3. Pregnancy complications

The third health benefit of probiotics during pregnancy is a big one and it stems from reducing the risk of pregnancy complications. In particular two major ones: pre-eclampsia and pre-term delivery.

A Norwegian study found that taking probiotics during pregnancy could lower a woman’s risk of both pre-term birth and pre-eclampsia. This was the conclusion after looking at outcomes from over 70,000 births. When a probiotic was taken in late pregnancy, the risk of pre-eclampsia was cut by 20 percent. While the risk of pre-term birth was cut by a dramatic 27 percent.

What to look for

Looking at all of these health benefits I’ve outlined today together, the good news is that probiotics do not appear to pose any safety concerns for pregnant and lactating women. So if you’re looking at giving your diet a probiotic boost then you’ve got two options. You either take probiotics through commercial supplements or by eating foods in which they naturally occur.

Popular fermented foods include dairy products like yoghurt, as well as pickled vegetables, tempeh, miso, kefir, kimchi, sauerkraut and kombucha. Homemade fermented foods are growing in popularity so you could even try your hand at making your own!

If you are shopping for a commercial supplement, aim to choose a probiotic that contains a minimum of 1 billion colony forming units per serve.

Even though I’ve been talking about probiotics today, I shouldn’t neglect the importance of prebiotics. Think of prebiotics as ‘gut fertiliser’ as they make a great fuel for your gut bugs. Feed your microbes well and your digestive system will work at its peak capability. Fibre is nourishment for good gut bacteria and you will find it an array of everyday plant foods. Oats, legumes, onions, asparagus, bananas are just a few examples of foods high in prebiotics. But the simplest advice is to eat a wide variety of nutritious fruits, vegetables and wholegrains which would naturally contain different types of fibre.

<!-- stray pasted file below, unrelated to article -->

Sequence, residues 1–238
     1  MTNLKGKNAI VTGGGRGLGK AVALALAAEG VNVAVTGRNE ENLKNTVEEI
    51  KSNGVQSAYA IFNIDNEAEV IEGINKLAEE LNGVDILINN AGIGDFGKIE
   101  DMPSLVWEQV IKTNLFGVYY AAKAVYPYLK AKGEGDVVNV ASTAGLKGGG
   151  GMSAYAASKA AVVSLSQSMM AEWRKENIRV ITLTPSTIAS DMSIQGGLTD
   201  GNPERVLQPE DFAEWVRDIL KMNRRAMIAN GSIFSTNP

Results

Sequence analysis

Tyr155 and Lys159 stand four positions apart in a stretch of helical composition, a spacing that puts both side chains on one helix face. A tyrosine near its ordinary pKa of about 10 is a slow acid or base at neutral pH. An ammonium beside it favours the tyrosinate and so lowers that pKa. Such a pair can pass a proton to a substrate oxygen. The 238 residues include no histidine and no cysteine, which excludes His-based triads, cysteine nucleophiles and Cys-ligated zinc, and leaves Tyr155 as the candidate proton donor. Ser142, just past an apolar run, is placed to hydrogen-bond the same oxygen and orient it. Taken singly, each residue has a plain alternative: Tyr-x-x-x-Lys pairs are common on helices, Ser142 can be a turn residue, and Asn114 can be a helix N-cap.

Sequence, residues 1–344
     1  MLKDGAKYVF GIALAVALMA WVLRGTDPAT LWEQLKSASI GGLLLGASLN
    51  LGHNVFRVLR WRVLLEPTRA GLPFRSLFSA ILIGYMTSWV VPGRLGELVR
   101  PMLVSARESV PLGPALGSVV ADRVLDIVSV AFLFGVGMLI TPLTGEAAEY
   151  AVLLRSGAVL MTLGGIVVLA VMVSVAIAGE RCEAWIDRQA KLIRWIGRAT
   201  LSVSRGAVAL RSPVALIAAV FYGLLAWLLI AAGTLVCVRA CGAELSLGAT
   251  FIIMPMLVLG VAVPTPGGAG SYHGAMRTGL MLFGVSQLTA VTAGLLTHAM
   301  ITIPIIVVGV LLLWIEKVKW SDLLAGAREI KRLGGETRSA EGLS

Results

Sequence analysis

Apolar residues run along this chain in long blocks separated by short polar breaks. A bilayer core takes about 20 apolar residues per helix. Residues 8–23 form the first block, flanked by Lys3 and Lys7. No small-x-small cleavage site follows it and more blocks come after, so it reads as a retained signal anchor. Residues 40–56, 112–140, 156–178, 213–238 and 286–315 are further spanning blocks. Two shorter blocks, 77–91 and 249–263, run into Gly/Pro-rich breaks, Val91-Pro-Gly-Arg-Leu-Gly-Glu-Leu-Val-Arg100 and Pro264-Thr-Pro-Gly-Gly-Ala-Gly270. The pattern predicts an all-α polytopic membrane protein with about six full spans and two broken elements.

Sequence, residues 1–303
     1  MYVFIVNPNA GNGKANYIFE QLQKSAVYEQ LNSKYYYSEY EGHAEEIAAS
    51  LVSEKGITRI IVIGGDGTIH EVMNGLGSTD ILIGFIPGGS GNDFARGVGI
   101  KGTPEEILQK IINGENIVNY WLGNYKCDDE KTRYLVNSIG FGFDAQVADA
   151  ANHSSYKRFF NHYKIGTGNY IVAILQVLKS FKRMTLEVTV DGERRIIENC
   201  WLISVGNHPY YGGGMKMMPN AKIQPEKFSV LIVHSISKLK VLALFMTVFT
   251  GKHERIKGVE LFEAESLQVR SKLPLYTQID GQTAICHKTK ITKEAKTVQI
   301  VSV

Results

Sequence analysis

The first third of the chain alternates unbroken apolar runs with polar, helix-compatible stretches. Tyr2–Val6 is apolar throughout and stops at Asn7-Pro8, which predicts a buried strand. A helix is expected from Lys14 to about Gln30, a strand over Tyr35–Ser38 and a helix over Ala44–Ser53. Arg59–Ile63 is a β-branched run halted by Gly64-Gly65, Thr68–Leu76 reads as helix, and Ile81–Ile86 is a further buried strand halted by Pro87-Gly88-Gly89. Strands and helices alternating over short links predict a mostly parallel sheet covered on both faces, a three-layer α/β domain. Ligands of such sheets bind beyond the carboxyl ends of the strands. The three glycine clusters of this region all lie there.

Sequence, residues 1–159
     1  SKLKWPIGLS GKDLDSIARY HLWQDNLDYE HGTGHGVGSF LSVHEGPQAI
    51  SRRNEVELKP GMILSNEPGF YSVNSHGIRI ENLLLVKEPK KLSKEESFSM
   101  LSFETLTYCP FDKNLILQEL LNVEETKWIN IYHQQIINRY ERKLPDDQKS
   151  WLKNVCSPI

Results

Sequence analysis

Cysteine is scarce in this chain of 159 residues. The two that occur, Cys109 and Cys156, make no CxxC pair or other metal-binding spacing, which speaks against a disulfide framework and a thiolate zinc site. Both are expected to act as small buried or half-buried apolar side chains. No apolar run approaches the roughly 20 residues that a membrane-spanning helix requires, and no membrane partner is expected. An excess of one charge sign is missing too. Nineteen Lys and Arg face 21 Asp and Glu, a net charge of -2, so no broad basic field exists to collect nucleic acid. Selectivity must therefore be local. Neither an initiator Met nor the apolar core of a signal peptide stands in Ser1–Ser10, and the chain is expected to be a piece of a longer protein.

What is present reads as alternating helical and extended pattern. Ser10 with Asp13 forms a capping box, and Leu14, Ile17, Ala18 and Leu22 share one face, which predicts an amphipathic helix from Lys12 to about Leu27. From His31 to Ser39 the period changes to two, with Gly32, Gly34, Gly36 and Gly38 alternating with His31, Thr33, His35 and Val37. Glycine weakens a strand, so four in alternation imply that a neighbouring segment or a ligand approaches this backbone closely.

I’ve given you a lot of information today. So, let’s summarise:

  1. The gut microbiome is so hot right now, so there’s no wonder there’s a lot of interest in probiotics
  2. Probiotics appear to have many health benefits and some of these may even relate to pregnant women and newborns
  3. Lower rates of childhood eczema, fewer birth complications and even a benefit in gestational diabetes seem to me to be emerging areas where the research is looking favourable
  4. You’ll find probiotics in a range of popular fermented foods or you could try a commercial supplement.

Now, I’m sure that you’ll have loads of questions, so feel free to post them in the comments below.

And, to make all this easier for you, I’d love you to download my free meal plan. Just go to


  1. Chante

    Hi, Can I use Femina probiotic tablets in pregnancy?

  2. Anonymous

    Can I use Femina probiotic in pregnancy .

  3. Nilza

    Is there a specific brand of probiotics that you’d recommend??